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Researchers work on underground coal gasification (UCG) technology

This is Science Today. The Lawrence Livermore National Laboratory has signed a technical agreement to collaborate with BP on the development of underground coal gasification, or UCG, technology. Julio Friedmann, the Lab's Carbon Management Program Leader explains that coal gasification converts coal and water into a synthetic gas composed mostly of hydrogen, carbon monoxide and some carbon dioxide.

Friedmann: Right now, you can go to General Electric or Shell or Conoco Phillips to buy a machine that does this. Underground coal gasification is doing the exact same thing, but using the Earth's crust as the gasifier. So, you don't need to purchase this thing. And it allows you to do two things: one, it allows you to extract the energy value of the coal without the mining and without purchasing a gasifier. The other thing that it does is it reduces a lot of the conventional environmental concerns that people have about coal utilization.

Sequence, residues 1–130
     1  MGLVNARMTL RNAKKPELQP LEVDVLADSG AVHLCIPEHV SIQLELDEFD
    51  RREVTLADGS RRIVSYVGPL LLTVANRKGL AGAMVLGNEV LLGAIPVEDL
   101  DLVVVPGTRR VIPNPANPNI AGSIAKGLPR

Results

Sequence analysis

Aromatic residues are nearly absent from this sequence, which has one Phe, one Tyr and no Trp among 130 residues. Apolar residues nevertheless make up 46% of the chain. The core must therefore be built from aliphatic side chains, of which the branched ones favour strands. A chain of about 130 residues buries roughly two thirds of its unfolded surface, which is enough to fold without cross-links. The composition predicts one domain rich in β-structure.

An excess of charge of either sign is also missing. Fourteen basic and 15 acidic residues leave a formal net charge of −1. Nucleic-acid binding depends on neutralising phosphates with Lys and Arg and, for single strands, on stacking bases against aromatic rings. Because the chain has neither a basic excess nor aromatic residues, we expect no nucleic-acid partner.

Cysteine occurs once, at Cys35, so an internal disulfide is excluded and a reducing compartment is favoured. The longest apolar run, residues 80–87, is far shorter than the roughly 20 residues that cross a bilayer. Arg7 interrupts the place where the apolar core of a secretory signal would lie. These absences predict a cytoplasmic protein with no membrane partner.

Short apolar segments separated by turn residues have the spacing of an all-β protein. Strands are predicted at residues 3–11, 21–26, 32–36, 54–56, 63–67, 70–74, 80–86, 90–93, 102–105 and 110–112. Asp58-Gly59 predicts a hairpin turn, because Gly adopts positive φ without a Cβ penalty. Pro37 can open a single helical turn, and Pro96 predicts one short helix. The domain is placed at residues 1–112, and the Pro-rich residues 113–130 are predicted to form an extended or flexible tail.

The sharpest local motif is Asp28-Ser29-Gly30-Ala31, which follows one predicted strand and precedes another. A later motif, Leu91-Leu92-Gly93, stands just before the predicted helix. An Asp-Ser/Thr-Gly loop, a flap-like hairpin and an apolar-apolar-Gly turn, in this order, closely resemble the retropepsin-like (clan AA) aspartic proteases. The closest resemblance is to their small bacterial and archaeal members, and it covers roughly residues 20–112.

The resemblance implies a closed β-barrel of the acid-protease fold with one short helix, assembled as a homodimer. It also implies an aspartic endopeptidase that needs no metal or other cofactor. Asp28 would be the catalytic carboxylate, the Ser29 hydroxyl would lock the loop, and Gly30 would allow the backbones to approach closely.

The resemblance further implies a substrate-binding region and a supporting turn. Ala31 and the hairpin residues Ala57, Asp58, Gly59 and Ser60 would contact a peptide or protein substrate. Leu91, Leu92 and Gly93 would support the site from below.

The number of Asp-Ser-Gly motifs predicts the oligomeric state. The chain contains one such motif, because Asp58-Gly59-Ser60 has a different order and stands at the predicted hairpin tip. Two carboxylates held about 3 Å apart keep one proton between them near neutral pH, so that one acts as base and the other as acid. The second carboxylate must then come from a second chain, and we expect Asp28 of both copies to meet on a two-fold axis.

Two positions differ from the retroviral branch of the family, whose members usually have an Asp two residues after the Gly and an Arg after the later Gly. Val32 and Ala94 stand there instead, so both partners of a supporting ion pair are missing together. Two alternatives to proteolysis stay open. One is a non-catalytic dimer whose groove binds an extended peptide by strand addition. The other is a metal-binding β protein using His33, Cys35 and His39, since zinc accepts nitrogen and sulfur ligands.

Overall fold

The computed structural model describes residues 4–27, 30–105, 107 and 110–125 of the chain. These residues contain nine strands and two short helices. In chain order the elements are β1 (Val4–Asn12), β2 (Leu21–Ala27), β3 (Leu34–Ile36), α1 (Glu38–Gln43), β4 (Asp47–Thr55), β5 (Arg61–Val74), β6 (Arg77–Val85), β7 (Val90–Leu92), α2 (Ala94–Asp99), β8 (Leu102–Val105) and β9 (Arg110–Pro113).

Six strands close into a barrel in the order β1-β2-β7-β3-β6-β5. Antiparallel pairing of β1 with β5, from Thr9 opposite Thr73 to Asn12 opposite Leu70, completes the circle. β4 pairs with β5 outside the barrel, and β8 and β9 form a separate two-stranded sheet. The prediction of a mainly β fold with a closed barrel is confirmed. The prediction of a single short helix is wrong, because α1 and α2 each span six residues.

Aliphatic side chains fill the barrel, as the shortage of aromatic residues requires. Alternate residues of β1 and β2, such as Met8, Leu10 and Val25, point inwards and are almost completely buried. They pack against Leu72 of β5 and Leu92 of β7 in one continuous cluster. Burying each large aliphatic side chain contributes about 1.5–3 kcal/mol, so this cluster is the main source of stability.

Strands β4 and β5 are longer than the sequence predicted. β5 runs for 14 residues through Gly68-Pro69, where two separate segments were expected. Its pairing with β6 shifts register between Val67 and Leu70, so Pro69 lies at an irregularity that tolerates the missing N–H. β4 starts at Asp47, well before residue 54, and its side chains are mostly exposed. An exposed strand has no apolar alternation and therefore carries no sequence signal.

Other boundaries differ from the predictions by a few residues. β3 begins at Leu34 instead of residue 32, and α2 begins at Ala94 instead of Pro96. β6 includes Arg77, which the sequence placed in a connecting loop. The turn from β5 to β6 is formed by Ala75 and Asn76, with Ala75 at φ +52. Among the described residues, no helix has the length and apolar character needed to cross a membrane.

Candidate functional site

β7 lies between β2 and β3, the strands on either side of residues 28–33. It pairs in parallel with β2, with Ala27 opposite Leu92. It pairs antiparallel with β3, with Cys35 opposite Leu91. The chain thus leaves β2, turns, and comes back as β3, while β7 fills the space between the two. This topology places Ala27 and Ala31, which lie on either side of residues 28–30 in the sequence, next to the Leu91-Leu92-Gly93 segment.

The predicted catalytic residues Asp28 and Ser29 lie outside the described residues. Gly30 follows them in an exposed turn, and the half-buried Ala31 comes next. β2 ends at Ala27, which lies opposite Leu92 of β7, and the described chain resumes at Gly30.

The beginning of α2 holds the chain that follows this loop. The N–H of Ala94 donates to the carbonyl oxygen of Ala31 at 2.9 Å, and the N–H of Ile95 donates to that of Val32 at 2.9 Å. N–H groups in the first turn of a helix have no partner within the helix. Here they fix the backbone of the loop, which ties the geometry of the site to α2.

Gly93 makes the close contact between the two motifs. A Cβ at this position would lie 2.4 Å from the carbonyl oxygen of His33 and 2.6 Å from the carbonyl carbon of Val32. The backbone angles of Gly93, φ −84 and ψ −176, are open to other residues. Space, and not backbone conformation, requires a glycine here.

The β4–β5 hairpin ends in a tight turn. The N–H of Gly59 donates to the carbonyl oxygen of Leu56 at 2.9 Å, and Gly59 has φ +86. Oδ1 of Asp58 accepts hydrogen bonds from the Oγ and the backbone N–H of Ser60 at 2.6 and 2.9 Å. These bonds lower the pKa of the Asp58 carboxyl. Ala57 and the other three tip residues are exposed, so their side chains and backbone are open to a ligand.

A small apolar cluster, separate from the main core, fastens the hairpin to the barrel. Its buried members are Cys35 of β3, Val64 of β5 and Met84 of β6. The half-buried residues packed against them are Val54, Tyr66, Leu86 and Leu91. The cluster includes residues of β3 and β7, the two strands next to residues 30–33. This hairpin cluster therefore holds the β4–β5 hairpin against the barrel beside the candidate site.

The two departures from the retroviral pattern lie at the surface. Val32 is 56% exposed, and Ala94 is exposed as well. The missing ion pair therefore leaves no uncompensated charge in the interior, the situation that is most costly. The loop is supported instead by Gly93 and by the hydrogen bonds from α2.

Narrator: The initial two-year technical agreement will address carbon management, environmental risk assessment and numerical modeling of the UCG processes. For Science Today, I'm Larissa Branin.